Secondary market prices have dropped for some catastrophe bonds in the wake of recent severe winter storm losses in the United States, with aggregate Residential Re cat bonds, sponsored by primary military mutual insurer USAA, the names in investor focus.
We’ve analysed some catastrophe bond broker pricing sheets and it’s clear that investor nerves are heightened over the potential for relatively significant aggregate deductible erosion for some of these capital markets securitization sourced reinsurance arrangements, perhaps even some principal loss.
Estimates for the insurance and reinsurance market loss from winter storm Uri and the related severe freezing weather events reach well into the double-digit billions, some as high as $18 billion to $20 billion.
As a result, catastrophe bond market participants have been analysing their portfolios to identify potentially exposed cat bond tranches and establish whether there is any risk of impact to them, if the winter storm insurance industry loss reaches these levels.
The winter storm losses are expected to be most concentrated in the state of Texas, where the impacts have been particularly significant and hundreds of thousands of insurance claims are set to be filed.
That has ramifications for many reinsurance programs of the major insurance carriers operating there and USAA, the most prolific sponor of catastrophe bonds, is seen, by Fitch Ratings, as having a 9.4% homeowners market share across Texas and Louisiana.
With such a large exposure to the winter storm losses in Texas and surrounding states, the cat bond market is now pricing in USAA taking a relatively significant loss, it seems, with the assumption that this could eat into some of its reinsurance arrangements, or at the least erode some of the deductibles under its aggregate layers of coverage.
From the secondary cat bond market pricing that we’ve seen, it seems cat bond fund managers and investors are anticipating erosion of aggregates, with the potential for some erosion of principal as well, for certain of USAA’s Residential Reinsurance cat bond program.
It’s important to remember that, when it comes to USAA’s aggregate cat bonds and the reinsurance layers they support, some erosion of aggregate deductibles has already been underway after other catastrophe events in recent seasons of hurricanes and wildfires.
These bonds tend to respond to numerous events throughout the year, in their deductibles being eroded which effectively makes them riskier, by reducing the remaining losses required to attach and create a loss of principal.
As a result, at this time without seeing USAA’s own estimates of ultimates, it’s hard to say how close to attachment these are, but some of the Residential Re catastrophe bonds have been marked down by just over 30% since the winter storm began on February 12th 2021.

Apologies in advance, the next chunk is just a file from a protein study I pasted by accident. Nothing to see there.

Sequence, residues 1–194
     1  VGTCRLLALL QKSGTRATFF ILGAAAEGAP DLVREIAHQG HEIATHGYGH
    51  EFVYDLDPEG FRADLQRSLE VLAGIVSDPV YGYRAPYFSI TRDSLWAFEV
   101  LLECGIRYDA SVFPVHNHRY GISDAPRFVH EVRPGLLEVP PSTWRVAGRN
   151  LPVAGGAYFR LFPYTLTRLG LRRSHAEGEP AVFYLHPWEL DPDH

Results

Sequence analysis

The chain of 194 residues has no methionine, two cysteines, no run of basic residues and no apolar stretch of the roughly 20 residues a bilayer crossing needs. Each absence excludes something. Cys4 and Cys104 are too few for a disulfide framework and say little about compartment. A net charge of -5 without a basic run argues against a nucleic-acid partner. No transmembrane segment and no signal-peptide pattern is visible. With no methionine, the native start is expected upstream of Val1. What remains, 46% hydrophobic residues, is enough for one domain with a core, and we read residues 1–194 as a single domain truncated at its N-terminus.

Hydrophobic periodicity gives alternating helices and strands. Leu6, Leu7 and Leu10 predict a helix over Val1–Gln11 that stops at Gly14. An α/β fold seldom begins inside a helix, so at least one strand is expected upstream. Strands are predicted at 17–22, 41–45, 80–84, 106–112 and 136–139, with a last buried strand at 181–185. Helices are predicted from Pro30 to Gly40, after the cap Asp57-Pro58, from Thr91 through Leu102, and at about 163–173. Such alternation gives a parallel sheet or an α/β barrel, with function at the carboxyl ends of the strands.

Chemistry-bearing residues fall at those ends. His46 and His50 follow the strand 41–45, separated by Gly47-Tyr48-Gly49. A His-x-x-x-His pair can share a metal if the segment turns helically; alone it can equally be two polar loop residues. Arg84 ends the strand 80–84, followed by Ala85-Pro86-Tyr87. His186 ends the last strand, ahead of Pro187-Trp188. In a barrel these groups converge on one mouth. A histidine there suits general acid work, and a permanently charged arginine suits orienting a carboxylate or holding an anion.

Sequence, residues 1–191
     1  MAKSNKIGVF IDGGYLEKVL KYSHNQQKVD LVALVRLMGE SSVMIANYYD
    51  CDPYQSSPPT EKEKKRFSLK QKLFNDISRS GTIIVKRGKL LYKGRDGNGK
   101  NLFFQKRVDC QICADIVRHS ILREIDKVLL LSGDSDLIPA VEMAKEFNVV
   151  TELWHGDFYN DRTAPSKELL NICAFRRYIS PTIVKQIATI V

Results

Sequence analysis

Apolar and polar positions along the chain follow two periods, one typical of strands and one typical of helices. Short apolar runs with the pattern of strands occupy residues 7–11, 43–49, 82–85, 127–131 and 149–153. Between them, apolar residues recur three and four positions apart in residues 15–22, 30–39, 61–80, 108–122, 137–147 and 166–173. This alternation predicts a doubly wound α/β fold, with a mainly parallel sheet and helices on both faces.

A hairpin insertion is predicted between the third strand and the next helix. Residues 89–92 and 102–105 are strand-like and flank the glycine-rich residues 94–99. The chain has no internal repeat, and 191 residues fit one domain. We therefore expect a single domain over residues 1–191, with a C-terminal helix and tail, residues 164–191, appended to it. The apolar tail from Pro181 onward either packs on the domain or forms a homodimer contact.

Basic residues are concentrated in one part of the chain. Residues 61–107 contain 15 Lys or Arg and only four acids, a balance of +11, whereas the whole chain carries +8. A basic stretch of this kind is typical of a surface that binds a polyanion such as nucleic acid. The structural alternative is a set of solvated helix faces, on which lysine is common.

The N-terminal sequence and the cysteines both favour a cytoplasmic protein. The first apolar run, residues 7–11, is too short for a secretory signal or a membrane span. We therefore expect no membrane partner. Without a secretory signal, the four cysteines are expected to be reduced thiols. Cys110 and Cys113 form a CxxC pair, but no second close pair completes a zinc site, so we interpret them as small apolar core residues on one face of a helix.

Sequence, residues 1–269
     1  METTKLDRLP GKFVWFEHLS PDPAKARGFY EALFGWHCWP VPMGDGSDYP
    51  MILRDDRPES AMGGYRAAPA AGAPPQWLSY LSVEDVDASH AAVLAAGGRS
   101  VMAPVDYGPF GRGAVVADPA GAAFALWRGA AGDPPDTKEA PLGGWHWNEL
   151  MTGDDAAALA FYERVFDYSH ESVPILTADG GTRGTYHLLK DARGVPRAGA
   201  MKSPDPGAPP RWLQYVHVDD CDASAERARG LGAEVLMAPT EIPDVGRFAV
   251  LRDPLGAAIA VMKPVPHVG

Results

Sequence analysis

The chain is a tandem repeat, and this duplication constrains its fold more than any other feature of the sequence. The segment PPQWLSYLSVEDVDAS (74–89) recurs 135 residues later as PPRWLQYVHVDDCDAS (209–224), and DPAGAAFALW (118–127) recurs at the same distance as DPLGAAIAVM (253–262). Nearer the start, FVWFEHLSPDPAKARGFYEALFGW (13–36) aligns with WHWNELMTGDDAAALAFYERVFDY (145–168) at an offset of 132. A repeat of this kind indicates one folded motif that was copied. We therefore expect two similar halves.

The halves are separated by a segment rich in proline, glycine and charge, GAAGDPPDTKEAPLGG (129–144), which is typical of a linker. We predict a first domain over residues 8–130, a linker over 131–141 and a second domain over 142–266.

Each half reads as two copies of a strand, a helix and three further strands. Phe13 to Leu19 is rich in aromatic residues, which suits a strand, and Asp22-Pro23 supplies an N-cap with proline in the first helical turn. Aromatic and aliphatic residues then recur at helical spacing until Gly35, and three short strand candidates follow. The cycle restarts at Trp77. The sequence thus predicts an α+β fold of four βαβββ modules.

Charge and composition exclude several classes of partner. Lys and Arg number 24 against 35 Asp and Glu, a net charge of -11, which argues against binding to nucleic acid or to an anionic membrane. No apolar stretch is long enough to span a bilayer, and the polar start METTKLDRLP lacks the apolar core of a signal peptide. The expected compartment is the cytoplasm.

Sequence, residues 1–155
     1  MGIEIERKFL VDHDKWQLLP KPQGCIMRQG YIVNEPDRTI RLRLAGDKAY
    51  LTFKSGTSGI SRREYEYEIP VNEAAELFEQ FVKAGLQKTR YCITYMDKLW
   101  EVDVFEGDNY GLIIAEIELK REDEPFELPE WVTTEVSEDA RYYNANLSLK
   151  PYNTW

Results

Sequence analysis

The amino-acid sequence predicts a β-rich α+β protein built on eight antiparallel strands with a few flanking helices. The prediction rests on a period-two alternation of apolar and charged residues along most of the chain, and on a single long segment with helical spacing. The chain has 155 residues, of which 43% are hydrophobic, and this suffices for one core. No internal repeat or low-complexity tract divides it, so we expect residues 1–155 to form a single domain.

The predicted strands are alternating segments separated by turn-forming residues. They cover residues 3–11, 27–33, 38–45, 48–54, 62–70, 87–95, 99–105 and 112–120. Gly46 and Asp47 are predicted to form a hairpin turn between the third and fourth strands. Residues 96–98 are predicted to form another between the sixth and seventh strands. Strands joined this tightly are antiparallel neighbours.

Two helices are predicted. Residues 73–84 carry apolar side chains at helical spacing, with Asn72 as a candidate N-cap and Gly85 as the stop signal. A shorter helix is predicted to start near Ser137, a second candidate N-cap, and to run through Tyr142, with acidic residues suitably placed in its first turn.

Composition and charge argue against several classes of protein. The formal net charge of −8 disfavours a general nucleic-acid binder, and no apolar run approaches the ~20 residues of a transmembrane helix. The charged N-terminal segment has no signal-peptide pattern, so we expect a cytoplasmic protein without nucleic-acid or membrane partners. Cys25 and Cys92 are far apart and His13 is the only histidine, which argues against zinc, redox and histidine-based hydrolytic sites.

Three tranches of USAA’s ResRe cat bonds have been marked down by more than 30% (the 2017-1 Class 11 and 13 notes and the 2019-1 Class 13 notes).
A further four tranches of ResRe aggregate cat bonds appear to have been marked down by between 25% and 30%, with another tranche marked down by 15%.
All of these markdowns have occurred since February 12th, so are presumably due to the potential impacts of the winter storm on these aggregate cat bond tranches.
Catastrophe bond fund managers and investors holding a position in these cat bond tranches will now need to mark down a number of the USAA issues significantly, given their secondary pricing has tumbled more than 30% in some cases.
There are some other aggregate cat bonds with winter storm exposure, but the majority of these have not seen any significant decline in pricing and the movements related to this event appear concentrated in the USAA sponsored cat bond names.
This will likely read-across to private collateralized reinsurance layers which provide aggregate coverage as well.
Hence, some ILS funds may also experience some valuation adjustments to certain positions as a result of the winter storm.
There are also expected to be some per-occurrence reinsurance losses, which could impact certain private ILS or collateralized positions, as well as losses that are expected to flow through quota share arrangements and any exposed sidecars.
However, the ILS market impact from the winter storm remains unclear and for most ILS fund managers we believe the event will prove only an attritional loss, although for some, if more exposed to aggregate reinsurance arrangements and quota shares of regionally concentrated carriers that experience the brunt of the winter storm losses, the impact could potentially be more significant.
We understand that some aggregate cat bonds sponsored by Allstate and Nationwide are also considered to have exposure to the winter storms, although their secondary pricing has not moved anywhere near as significantly as USAA’s bonds.